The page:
But return it does, and the season’s last four episodes jump to the 2020-21 school year. Another trip to Daytona is on the line, but suddenly half of our favorite figures vanish, we’re introduced to a mostly new group of participants and it’s a steady build to a championship that gets stretched across a two-part finale that, more than anything, left me wondering if any other schools even compete against Navarro and Trinity Valley in Daytona. If there’s a third team cheering at that level, they’re mentioned even less than “homework.”
The fifth episode is the one people are going to talk about, complete with its introductory trigger warning and contact information for viewers who have experienced abuse themselves. It’s important, and it’s important to have the victims putting their names and faces to their story. It’s not a thing that Cheer was designed to handle, but Whiteley and company attempt to address the unfathomable in a serious-minded way.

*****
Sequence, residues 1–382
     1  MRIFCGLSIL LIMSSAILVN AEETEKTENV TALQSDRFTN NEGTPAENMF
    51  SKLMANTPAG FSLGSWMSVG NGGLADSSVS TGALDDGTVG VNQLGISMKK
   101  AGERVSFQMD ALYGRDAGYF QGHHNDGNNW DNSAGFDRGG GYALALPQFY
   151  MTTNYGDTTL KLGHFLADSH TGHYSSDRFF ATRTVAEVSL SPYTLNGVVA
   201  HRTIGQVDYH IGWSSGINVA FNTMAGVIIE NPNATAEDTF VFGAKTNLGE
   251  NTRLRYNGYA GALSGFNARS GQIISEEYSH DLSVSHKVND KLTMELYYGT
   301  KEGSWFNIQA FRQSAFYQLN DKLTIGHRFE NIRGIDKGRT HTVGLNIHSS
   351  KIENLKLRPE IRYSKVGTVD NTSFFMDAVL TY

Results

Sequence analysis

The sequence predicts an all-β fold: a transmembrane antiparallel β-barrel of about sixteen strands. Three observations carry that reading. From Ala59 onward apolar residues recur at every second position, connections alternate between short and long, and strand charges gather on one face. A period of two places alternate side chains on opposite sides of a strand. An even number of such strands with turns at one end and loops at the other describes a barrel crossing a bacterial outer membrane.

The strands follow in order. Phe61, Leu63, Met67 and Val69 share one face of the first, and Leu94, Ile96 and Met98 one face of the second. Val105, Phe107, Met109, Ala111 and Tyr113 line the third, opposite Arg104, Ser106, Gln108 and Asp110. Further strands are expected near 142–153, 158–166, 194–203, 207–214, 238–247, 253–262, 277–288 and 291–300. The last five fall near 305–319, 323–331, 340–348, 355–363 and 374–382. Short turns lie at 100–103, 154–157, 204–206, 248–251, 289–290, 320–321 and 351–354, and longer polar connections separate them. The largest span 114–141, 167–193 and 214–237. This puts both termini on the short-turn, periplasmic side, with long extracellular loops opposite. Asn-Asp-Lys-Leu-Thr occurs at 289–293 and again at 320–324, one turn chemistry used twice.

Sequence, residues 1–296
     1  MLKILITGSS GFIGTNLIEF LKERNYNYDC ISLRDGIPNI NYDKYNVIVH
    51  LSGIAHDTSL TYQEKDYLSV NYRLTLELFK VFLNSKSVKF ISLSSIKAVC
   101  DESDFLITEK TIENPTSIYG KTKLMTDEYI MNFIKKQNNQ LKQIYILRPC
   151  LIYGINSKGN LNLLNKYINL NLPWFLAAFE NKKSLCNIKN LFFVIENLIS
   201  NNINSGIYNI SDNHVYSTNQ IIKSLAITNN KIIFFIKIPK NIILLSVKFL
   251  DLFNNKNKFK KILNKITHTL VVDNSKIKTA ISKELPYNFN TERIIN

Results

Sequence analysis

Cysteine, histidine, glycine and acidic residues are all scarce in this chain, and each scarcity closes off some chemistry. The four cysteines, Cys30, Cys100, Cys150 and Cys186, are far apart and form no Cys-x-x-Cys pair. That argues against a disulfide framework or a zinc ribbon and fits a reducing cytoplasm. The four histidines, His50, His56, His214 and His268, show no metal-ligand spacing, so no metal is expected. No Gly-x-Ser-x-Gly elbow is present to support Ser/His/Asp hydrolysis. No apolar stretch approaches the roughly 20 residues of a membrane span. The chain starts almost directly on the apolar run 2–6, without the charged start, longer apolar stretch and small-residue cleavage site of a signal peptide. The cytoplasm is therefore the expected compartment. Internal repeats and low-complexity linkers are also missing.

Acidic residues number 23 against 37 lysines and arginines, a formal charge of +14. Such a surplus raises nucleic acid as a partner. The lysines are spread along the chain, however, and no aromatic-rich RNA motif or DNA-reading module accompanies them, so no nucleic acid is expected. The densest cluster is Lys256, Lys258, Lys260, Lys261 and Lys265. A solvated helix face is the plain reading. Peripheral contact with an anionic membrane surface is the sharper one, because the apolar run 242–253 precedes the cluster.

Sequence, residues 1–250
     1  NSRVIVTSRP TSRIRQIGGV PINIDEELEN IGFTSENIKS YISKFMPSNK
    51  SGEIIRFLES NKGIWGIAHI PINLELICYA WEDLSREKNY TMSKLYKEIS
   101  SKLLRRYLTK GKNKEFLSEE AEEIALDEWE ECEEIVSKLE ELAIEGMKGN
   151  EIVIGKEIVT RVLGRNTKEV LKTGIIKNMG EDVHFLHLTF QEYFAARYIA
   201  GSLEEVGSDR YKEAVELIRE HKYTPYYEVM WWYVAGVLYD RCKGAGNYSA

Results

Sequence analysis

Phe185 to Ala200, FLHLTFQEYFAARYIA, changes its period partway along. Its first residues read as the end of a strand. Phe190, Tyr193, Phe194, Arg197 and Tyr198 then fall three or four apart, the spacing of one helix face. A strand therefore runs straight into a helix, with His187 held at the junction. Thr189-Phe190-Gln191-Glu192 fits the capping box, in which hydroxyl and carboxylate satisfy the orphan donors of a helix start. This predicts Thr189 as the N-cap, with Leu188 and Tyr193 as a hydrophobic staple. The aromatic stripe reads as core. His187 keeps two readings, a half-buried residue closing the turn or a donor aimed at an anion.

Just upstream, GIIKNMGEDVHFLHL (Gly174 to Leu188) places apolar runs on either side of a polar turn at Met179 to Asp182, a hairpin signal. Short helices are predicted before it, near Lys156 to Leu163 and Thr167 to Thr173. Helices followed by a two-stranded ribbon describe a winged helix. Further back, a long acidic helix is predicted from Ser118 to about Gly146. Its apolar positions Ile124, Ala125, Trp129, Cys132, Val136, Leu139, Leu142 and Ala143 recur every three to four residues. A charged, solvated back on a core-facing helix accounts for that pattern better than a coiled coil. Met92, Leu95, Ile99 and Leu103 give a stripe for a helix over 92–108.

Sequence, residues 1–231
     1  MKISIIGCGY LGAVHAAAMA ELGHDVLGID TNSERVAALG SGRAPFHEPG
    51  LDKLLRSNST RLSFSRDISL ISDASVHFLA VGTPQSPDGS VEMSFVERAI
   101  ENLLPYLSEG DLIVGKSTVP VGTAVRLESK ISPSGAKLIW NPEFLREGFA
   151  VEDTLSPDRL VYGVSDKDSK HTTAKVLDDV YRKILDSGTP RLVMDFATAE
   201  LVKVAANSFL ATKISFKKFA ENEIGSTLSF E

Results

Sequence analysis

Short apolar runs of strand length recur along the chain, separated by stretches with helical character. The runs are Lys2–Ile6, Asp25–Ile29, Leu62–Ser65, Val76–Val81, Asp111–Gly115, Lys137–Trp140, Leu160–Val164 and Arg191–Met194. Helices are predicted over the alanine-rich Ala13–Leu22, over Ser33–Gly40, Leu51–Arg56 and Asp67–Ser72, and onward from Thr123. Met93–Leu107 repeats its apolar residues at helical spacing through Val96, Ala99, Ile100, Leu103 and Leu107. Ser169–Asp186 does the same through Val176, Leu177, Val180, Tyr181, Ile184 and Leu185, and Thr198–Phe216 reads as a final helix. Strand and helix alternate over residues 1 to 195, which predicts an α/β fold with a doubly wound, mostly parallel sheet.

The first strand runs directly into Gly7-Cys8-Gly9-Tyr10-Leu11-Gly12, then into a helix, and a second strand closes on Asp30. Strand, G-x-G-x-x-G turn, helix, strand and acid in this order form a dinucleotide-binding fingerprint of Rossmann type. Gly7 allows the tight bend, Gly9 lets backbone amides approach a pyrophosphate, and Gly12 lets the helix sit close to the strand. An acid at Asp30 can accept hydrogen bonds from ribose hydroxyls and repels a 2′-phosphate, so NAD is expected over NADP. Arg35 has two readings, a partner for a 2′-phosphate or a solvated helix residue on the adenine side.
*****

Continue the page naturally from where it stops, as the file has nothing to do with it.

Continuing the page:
It’s the two miniseries on either side of that fifth episode that struggle.
Those first four episodes could have been two episodes, if that. The returning “characters” are there taking up space, but none of them have storylines other than, “Well, now we’re famous and that changed everything.” It’s an opportunity, I guess, to get a first look at figures like Navarro up-and-comer Maddy, who initially seems to have “growing up in Massachusetts” as her primary source of adversity until we learn about her family and their dark secrets. Viewers also get the chance to meet Jada, a star over at Trinity Valley, as well as likable Navarro rookies/roommates Gillian and Cassadee.
The last four episodes, especially the two Daytona episodes, could have been trimmed as well. With the storylines going back and forth between two schools, the characters become secondary to the ticking clock approaching the title. They’re often overshadowed by old business, like La’Darius’ out-of-nowhere social media campaign against Monica and a fall season that Monica skipped entirely for an ABC reality show — an abandonment for which the show cuts her far too much slack.